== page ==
Once upon a time, a young prince lost his smile.
It seemed nothing would make Prince Donald smile, not songs from the musician or cakes from the baker. The court magician tried to make a new magical beast for the prince, but it was so frightening he let it go. Still determined to help Donald, the magician’s granddaughter, Hana, invents a majestic creature with the body of a horse and the horn of a gazelle, and calls him ‘a unicorn’.
Hana and Donald playfully chase the unicorn through the forest, and it seems that this magical animal might hold the key to the prince’s smile. But then they discover a darker beast, lurking in the trees.
This is a sparkling origin tale from the creators of The Treasure of the Loch Ness Monster
Brenda is exactly like all the other sheep. Well, except for the sharp teeth, gray fur, sharp claws, and orange sweater. All the sheep think that Brenda is just the best! Despite Brenda’s best efforts to enjoy the ultimate sheep feast, Brenda realizes that she is, after all, a sheep. A funny reminder that what you look like doesn’t dictate who you are.
Jamie Lee just wants to be normal but his ADHD isn’t making it easy. If only he could control his butterfly mind he’d have friends, be able to keep out of trouble and he could live with his mom, not be sent to stay with his dad. Elin Watts just wants to be perfect. If she could be the best student and daughter possible, then maybe her dad would leave his new family and come back to live with Elin and her mom, happily ever after. When Jamie and Elin’s families blend, the polar opposites of chaotic Jamie and ordered Elin collide. As their lives spiral out of control, Jamie and Elin discover that they’re actually more alike than they’d admit. Maybe there’s no such thing as normal, or perfect. And perhaps, just like families, happy-ever-afters come in all shapes and sizes. Uplifting and moving, The Boy with the Butterfly Mind is an inspiring story of acceptance, blended families, and discovering that in the end, being yourself is more than enough.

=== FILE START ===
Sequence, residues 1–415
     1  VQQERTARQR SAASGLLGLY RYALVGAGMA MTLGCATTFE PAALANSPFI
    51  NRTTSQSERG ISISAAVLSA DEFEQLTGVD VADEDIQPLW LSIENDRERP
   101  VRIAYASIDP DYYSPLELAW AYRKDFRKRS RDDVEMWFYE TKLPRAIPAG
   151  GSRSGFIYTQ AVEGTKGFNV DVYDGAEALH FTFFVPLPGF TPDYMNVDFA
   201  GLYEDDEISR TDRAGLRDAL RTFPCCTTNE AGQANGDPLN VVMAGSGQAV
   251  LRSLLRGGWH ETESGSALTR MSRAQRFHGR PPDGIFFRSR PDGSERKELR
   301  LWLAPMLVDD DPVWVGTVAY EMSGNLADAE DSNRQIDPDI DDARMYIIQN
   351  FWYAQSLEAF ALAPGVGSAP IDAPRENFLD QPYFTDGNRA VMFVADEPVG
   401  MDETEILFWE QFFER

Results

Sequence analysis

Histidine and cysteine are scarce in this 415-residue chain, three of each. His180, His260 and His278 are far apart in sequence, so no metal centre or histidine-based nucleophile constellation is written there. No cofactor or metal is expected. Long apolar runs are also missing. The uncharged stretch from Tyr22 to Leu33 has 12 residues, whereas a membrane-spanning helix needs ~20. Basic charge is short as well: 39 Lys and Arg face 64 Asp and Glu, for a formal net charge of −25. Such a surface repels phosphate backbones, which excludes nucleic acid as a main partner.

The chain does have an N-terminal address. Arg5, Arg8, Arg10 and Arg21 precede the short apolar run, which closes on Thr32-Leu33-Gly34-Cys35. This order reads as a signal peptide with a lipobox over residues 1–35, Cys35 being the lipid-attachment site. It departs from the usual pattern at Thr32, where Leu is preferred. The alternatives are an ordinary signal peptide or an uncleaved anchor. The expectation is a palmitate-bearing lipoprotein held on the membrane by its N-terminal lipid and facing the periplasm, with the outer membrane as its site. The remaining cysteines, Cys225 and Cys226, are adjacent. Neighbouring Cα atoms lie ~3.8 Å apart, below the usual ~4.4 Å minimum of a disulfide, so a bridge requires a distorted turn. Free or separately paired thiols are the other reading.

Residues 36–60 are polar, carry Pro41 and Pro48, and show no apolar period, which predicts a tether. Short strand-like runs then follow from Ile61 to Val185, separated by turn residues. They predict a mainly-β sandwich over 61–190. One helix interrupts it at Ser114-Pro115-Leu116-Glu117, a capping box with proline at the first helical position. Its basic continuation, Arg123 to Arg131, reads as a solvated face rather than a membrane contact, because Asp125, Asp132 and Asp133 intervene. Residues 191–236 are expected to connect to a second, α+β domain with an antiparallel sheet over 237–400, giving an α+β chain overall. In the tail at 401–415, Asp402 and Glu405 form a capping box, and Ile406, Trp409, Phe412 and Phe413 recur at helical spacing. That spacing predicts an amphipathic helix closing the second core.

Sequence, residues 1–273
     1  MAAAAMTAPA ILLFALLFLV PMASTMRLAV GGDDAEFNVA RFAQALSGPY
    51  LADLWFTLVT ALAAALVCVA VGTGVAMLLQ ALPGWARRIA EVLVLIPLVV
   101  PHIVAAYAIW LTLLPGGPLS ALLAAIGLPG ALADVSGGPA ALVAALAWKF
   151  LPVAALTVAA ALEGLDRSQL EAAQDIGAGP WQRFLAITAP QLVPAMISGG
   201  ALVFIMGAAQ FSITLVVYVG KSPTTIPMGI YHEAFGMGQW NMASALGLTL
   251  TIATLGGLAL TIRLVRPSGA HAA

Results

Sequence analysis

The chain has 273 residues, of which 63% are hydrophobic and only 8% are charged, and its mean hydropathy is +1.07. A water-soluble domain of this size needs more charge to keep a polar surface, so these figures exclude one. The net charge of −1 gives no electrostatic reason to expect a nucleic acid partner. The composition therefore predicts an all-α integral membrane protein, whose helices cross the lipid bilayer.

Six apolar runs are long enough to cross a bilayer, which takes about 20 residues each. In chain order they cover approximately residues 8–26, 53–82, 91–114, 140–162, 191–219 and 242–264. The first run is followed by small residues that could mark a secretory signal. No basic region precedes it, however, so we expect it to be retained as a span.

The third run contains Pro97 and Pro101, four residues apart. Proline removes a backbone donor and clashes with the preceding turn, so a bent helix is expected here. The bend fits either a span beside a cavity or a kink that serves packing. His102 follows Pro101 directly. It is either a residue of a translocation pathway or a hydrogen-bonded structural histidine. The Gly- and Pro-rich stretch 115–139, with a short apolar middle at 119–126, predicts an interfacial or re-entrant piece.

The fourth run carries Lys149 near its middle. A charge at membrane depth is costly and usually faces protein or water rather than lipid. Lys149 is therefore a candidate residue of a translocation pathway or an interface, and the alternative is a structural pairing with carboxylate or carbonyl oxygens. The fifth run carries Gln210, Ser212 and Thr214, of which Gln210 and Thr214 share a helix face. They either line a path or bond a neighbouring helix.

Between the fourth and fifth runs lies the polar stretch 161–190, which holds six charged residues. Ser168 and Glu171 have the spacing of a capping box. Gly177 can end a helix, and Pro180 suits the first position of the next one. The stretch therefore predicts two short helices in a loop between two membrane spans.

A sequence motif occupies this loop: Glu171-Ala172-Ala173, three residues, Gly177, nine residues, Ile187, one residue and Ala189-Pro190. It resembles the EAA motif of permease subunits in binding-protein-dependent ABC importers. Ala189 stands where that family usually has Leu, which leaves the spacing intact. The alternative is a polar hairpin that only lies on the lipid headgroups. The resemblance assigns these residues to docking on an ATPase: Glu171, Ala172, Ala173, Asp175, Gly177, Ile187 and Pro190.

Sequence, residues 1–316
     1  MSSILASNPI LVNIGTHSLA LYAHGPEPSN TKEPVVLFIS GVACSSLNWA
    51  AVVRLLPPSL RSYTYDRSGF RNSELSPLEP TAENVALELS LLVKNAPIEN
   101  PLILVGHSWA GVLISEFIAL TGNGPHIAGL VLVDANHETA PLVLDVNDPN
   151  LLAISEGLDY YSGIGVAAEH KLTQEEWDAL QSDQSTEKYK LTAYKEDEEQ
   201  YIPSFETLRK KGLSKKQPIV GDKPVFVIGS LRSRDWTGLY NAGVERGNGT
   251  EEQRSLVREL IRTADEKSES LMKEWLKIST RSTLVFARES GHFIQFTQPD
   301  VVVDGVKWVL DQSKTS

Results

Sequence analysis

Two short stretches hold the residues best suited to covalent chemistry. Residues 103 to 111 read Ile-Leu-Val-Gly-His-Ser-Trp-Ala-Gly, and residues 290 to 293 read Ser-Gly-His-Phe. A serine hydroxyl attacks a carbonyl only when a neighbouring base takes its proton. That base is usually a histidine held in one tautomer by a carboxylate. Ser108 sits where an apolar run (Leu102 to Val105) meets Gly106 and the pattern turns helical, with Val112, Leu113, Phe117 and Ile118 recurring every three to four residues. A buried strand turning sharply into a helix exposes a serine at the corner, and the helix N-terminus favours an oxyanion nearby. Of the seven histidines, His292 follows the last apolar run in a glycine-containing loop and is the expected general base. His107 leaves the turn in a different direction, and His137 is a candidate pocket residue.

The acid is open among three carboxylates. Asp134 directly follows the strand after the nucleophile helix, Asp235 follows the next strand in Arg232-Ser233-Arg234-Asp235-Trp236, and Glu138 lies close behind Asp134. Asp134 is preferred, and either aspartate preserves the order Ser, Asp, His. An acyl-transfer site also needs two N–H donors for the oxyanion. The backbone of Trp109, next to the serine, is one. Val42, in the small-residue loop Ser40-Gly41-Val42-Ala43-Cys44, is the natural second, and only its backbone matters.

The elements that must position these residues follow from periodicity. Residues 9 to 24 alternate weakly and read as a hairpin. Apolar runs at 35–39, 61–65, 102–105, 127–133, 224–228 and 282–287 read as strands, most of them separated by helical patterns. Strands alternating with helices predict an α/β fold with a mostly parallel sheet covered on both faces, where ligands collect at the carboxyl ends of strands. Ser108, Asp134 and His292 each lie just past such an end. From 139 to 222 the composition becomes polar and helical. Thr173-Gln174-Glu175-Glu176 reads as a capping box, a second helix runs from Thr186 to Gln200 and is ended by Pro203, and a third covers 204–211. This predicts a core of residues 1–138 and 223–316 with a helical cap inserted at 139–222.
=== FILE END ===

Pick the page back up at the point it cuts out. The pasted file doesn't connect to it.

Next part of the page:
Wilfred Walrus and Neville Narwhal are the only kids in Miss Blubber’s class who are not seals. Life is tough being the odd ones out – lunchtimes and football matches and school photos all present challenges to the two outliers. And they don’t even like each other very much!
Seventeen-year-old Bobby Seed, the devoted but exhausted primary caregiver for his terminally-ill mother and difficult younger brother, finds respite in a support group and good friends, but must face his mother’s impossible choice alone.
When a little boy opens the Night Box, darkness swoops out, a fox uncurls, and a thousand stars sparkle and shine. Night flows freely then, cavorting and exploring, caring for all its creatures until morning comes, and it’s time for Night to rest again. With its soothing cadences and air of quiet wonder, The Night Box is sure to charm any sleepy listener who wonders what happens between sunset and sunrise.
Reema runs to remember the life she left behind in Syria. Caylin runs to find what she’s lost. Under the gray Glasgow skies, twelve-year-old refugee Reema is struggling to find her place in a new country, with a new language and without her brother. But she isn’t the only one feeling lost. Her Glasgwegian neighbor Caylin is lonely and lashing out. When they discover an injured fox and her cubs hiding on their estate, the girls form a wary friendship. And they are more alike than they could have imagined: they both love to run. As Reema and Caylin learn to believe again, in themselves and in others, they find friendship, freedom and the discovery that home isn’t a place, it’s the people you love.
In Night Shift, Debi Gliori has used her own personal experience with depression to create moving pieces of art that really capture how depression can feel, the way it isolates you from the world and makes even simple everyday tasks seem impossible. But, more importantly, she also shows that the feelings don’t last forever and that you can come out on the other side.